An article published in “The Astrophysical Journal Letters” reports a study on the circumplanetary disk around the exoplanet PDS 70 c. A team of researchers led by Myriam Benisty used the ALMA radio telescope to study what is still a protoplanet and the disk of materials around it that could form moons. According to estimates, there’s enough mass to form up to three moons the size of the Earth’s Moon. This type of study offers new information both on the formation of planets, especially gas giants, and on moons, one of the frontiers astronomers are trying to open.
An article published in the journal “Nature Astronomy” reports observations of the jets emitted by the supermassive black hole at the center of the radio galaxy Centaurus A with details never seen before thanks to the combination of different radio telescopes. A team of researchers including the Event Horizon Telescope (EHT) collaboration used the same technique that made it possible to obtain the historical image of the area around the supermassive black hole at the center of the galaxy M87. The Centaurus A observations took place in 2017 and now the results arrived, especially the details of the jets.
Yesterday, the Russian Nauka module, formally called the Multipurpose Laboratory Module (MLM), was launched atop a Proton-M rocket from the Kazakh cosmodrome of Baikonur. After about nine minutes it successfully separated from the rocket’s last stage and set off on its course. Its journey will take about 8 days to reach the International Space Station on July 29, where it will become part of the Russian section many years behind schedule. The launch included the European Robotic Arm (ERA) developed under the auspices of ESA, a robotic arm that will be used for operations in the area of the Station’s Russian section.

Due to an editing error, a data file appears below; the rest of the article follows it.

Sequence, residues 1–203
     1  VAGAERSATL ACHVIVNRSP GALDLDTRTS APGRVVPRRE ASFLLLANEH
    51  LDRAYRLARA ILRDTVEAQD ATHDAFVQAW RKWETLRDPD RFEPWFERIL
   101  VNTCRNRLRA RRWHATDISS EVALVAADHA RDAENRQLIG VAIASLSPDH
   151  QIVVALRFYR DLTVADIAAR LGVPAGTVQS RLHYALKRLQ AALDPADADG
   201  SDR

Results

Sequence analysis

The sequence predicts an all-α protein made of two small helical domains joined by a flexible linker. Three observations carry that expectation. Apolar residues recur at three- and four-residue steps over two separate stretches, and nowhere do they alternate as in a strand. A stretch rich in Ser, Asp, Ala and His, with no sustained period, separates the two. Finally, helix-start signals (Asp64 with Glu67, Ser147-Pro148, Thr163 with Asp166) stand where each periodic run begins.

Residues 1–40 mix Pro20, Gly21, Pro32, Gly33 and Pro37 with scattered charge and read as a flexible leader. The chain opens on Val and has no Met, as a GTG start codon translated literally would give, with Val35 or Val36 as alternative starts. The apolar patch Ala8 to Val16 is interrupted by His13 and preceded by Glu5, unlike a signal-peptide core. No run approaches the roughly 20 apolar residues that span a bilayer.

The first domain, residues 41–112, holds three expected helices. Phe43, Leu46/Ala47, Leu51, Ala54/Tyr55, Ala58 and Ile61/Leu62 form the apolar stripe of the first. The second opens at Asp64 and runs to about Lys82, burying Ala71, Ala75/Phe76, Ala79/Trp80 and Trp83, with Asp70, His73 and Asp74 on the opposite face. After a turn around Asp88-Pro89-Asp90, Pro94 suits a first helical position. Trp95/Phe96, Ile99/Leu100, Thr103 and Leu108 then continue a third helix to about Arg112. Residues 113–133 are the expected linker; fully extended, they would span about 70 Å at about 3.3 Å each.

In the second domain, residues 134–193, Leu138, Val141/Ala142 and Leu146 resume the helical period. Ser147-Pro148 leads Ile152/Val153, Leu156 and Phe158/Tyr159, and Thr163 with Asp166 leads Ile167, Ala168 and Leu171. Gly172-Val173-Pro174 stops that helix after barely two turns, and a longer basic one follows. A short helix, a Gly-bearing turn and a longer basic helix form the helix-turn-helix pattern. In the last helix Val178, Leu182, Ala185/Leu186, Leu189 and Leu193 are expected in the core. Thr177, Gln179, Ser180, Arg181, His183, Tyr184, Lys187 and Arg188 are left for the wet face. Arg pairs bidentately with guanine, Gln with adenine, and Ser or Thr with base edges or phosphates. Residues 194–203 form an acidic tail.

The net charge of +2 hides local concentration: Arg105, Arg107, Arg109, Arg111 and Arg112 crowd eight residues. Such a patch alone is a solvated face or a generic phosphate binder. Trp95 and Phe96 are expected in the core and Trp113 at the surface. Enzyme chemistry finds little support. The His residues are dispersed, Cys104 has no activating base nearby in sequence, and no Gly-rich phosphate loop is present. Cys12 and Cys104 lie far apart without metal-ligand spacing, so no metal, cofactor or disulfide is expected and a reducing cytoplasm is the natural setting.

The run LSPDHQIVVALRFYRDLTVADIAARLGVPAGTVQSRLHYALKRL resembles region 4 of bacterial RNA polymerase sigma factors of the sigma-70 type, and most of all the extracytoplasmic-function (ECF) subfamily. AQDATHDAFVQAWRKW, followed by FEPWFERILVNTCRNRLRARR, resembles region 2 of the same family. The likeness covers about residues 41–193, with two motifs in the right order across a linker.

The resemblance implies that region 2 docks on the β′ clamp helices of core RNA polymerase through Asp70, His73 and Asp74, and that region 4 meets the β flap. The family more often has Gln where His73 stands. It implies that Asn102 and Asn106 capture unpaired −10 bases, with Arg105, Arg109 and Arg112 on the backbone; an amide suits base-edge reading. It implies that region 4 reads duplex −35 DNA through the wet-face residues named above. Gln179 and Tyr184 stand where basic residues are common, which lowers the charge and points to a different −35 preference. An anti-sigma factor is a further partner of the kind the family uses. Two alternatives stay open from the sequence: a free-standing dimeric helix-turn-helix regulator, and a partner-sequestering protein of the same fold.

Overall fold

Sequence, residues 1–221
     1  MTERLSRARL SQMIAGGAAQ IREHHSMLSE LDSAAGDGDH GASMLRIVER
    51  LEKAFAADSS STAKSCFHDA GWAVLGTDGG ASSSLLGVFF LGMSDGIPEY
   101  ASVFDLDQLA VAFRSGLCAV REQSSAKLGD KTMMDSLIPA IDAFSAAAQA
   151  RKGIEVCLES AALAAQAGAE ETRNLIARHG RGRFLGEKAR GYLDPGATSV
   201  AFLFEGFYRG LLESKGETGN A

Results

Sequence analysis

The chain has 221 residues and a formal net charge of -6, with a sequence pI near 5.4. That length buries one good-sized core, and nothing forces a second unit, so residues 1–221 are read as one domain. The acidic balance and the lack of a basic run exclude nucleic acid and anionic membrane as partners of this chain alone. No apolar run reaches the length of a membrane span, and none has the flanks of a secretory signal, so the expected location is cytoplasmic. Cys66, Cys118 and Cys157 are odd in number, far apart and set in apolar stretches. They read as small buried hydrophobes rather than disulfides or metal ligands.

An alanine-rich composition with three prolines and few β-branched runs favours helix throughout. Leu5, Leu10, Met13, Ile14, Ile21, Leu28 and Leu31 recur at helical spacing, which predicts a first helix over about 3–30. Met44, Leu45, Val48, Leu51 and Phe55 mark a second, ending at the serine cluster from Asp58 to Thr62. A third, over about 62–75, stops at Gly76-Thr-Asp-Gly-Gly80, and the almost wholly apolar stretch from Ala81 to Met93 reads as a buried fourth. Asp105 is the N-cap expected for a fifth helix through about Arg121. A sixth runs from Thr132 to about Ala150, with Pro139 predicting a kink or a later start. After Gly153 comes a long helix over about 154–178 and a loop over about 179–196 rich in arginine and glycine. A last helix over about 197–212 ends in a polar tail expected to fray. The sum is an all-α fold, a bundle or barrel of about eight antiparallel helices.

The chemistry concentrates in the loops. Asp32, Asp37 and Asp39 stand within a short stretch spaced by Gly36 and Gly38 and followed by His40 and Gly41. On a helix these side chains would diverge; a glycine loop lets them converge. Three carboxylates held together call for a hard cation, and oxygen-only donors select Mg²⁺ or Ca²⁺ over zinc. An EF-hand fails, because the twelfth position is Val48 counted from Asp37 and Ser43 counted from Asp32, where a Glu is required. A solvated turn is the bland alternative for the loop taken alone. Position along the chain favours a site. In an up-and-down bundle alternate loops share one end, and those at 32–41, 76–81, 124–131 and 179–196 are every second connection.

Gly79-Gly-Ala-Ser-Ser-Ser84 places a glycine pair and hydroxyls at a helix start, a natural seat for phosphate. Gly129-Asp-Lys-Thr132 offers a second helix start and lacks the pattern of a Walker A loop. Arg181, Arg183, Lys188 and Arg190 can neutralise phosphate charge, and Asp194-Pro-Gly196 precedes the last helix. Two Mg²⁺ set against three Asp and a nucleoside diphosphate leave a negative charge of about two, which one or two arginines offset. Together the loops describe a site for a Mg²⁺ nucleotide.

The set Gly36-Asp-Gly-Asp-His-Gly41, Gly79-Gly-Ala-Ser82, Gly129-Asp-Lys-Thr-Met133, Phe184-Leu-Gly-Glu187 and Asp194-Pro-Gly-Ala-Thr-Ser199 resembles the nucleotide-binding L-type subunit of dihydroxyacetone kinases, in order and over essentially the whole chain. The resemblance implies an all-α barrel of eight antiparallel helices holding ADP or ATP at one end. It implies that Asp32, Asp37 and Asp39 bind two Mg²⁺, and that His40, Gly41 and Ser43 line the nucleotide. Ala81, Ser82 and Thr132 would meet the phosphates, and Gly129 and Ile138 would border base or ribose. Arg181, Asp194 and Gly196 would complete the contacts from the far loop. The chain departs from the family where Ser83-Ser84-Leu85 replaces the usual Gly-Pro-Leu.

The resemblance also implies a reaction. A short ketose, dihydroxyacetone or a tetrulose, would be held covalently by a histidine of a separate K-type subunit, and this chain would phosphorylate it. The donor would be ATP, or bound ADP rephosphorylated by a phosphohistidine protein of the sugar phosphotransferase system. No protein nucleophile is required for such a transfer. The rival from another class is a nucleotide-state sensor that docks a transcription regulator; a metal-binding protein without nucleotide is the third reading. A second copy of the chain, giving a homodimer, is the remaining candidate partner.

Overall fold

A little while ago, Blue Origin conducted the first crewed flight, which included owner Jeff Bezos, of its New Shepard rocket. It blasted off from the company’s spaceport in Van Horn, Texas, and after about 3 minutes the spacecraft named “RSS First Step” separated from the rocket and reached an altitude of a little more than 106 kilometers, more than the 100 kilometers of the Kármán Line that officially marks the boundary with space. Both the single-stage rocket and the spacecraft are reusable, so both landed at the end of the flight.
The Las Cumbres Observatory has captured a new image of the giant comet C/2014 UN271 (Bernardinelli-Bernstein) that shows its activity despite its considerable distance given that it’s far beyond Saturn’s orbit. The information collected also by looking into archive images such as the ones that allowed to identify it in an image from 2014 is useful to better understand its characteristics. In particular, initial estimates suggested that its diameter was at least 100 kilometers, three times the largest known comet, but these are estimates based on the absence of a coma. C/2014 UN271 will remain far from the Sun, arriving close to Saturn’s orbit at the beginning of 2031, so it can only be admired with telescopes but it could still be very interesting because it probably comes from the Oort cloud.